JL: I think there were three milestones. First was our decision to become a really top-class decorator, in 1996. We often attended U.S. trade shows, where we met some of the leading firms, including Mirror Image of Rhode Island, and began a technology sharing agreement whereby Mirror Image taught us all they knew about printing. The result was that, in 1997, Lynka became the first non-American company to win the SGIA Golden Image award, leading to a PR bonanza, and accelerated growth. Second was taking on a private equity investor in 1999. That provided the fuel we needed to grow from a smallish company to the company we are today. This funded our modern facility, improved our IT systems, grew our inventory, and added new product categories. Within five years we almost tripled the size of the business. Third was our strategy to expand across Europe. In 2003, Lynka was 97% domestic sales within Poland and only 3% export. In 2004, Poland joined the EU, offering an opportunity to export to new markets. We attended a major industry show in Dusseldorf in 2005, and printed live on a 16-colour automatic screen print machine – which won us hundreds of new clients. In 2011, export accounted for 50% of our total sales, growing at 45% annually for five years running. Export has been the engine of growth for Lynka.

KP: In light of problems across Europe, how are Poland and your company faring?
JL: Extremely well, knock on wood! When the global crisis hit in 2009, Poland was the only one of 27 EU countries that didn’t experience a recession. In the 21 years I have been living here, Poland has never experienced an economic contraction, although at times things slowed to a crawl. However, since export is now more than half of our sales, the rest of Europe counts more than Poland alone, so we carefully watch what’s going on. I think 2012 is a tough year for many companies, but Lynka will emerge stronger for sure.

KP: What are your biggest business challenges?
JL: Our biggest internal challenge is making sure that our operations and systems keep up with our growth. With average order size being rather small, high growth implies a larger number of small orders. The operations challenges are the most painful, and most important to overcome. Our biggest external challenge is low-end price competition, particularly in Poland, but also elsewhere in the EU. Lynka promises the best solution, but not always the cheapest. We need to carefully communicate our value proposition, so that clients understand that Lynka is really the best deal, considering price, quality, product assortment, speed and ease of doing business.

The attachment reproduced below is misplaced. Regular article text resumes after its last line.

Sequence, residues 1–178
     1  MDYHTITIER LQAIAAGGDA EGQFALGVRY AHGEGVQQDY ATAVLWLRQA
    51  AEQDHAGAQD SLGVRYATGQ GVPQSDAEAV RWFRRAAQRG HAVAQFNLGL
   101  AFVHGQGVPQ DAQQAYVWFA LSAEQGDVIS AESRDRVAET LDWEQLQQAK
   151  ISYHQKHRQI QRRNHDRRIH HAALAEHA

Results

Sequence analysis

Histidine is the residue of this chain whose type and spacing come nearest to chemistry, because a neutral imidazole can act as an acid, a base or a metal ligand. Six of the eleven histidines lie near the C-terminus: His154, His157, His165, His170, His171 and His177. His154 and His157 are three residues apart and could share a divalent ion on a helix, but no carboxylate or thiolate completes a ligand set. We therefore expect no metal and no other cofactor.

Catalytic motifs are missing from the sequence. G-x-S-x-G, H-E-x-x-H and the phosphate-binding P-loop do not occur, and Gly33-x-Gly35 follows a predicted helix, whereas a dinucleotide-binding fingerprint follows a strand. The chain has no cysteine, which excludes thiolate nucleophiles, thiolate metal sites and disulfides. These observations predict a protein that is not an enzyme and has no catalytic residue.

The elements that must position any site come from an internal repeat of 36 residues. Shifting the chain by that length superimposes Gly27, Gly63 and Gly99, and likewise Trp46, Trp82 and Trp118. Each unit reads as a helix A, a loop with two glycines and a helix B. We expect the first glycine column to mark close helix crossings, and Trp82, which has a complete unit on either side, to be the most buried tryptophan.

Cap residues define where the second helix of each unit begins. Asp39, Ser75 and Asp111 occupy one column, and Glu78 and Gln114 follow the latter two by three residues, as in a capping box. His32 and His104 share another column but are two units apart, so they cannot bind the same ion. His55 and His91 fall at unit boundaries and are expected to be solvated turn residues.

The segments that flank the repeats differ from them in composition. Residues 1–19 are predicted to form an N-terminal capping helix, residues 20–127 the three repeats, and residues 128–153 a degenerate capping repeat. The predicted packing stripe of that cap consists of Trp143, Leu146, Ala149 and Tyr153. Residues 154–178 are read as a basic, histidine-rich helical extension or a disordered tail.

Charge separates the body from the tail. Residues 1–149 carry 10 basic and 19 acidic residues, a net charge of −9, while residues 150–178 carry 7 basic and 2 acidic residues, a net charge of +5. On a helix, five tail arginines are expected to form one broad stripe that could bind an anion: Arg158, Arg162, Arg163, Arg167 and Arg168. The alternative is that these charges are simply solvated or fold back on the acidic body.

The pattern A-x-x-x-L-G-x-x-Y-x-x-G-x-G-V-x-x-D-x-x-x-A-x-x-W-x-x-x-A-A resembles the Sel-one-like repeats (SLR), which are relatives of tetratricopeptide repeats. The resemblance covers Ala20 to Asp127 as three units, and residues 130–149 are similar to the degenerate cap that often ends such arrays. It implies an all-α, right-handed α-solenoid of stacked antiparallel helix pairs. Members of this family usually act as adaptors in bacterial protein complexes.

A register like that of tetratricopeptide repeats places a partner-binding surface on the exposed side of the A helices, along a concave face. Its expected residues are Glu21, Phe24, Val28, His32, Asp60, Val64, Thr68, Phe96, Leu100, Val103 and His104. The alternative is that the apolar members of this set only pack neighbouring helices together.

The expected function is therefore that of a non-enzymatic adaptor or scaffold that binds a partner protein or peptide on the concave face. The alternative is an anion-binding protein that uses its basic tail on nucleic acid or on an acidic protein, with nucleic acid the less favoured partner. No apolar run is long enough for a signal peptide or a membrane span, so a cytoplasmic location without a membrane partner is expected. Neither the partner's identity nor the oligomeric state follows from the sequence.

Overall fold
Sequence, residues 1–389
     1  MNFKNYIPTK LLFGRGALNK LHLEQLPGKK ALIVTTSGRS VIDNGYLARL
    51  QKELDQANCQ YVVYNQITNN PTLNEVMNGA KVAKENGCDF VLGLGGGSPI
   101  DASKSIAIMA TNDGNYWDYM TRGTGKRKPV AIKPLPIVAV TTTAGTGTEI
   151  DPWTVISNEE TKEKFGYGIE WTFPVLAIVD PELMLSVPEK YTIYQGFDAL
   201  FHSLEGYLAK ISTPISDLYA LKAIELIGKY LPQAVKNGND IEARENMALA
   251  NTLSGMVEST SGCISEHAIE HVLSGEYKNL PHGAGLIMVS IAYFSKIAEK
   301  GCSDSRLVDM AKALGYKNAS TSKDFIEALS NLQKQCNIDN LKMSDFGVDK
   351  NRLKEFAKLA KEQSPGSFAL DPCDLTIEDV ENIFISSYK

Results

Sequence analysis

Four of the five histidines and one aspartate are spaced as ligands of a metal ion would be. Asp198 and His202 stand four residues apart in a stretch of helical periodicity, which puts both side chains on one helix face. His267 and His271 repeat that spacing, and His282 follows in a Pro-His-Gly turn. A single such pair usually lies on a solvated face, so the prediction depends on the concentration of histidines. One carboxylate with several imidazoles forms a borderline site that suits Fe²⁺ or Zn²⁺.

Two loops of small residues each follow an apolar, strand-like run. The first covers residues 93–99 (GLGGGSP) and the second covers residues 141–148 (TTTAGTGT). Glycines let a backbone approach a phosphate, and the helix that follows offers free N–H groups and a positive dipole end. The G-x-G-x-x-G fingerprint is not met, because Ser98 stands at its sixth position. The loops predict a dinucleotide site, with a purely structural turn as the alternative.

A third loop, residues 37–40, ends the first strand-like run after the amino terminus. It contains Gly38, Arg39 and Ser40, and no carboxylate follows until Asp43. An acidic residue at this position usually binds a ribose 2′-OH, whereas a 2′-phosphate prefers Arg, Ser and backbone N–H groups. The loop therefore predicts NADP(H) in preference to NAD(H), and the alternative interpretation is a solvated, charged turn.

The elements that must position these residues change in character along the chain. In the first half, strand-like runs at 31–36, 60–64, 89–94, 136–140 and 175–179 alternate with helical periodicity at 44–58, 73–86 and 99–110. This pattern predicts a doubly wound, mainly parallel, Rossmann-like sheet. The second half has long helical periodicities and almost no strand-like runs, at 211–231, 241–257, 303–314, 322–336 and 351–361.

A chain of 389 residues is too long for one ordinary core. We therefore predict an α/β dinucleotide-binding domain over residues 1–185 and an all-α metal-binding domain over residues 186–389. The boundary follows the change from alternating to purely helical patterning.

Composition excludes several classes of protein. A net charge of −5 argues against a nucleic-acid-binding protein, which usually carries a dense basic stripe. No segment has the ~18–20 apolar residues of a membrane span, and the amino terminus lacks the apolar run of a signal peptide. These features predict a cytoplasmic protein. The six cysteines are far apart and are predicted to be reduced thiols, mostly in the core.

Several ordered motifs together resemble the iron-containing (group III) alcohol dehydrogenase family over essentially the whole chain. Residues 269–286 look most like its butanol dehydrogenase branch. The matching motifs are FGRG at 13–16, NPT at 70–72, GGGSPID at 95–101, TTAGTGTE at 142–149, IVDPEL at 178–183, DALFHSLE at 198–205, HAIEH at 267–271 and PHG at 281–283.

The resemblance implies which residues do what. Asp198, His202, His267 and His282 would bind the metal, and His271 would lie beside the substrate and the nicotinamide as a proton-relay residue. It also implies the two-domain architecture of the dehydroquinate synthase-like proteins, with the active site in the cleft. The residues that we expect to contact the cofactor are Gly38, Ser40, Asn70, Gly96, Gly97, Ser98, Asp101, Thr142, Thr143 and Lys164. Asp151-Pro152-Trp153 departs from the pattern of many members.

KP: What are your predictions for the coming year for the industry as well as the European economy?
JL: I don’t think anyone knows for sure. The mood was quite pessimistic earlier this year, although today it’s a little more hopeful. Either way, promotional companies that have a large exposure in these markets are certainly having a hard time. I heard reports that some companies are 30% to 50% down in Spain and Greece, for instance. However, German-speaking countries, Benelux and Scandinavia are holding up quite well, and I think the UK, although not booming, is doing fine. So net-net, many European promotional companies will likely shrink this year, but a few well-positioned ones may even experience 5% to 10% growth.

KP: What are your plans for Lynka for the future?
JL: Our Big Hairy Audacious Goal is to become one of the top five apparel suppliers in Europe within five years. That means continued growth, via an increased European presence, more sales reps, more trade shows and entering new markets, which we will do carefully and profitably. We want to be the favourite apparel supplier of European and Polish companies and agencies – large and small, and are close to launching a new e-commerce platform, which should be one of the best in the EU. We will continue to improve our internal operations and the quality of decoration, and continue to invest in our people to build the best team possible!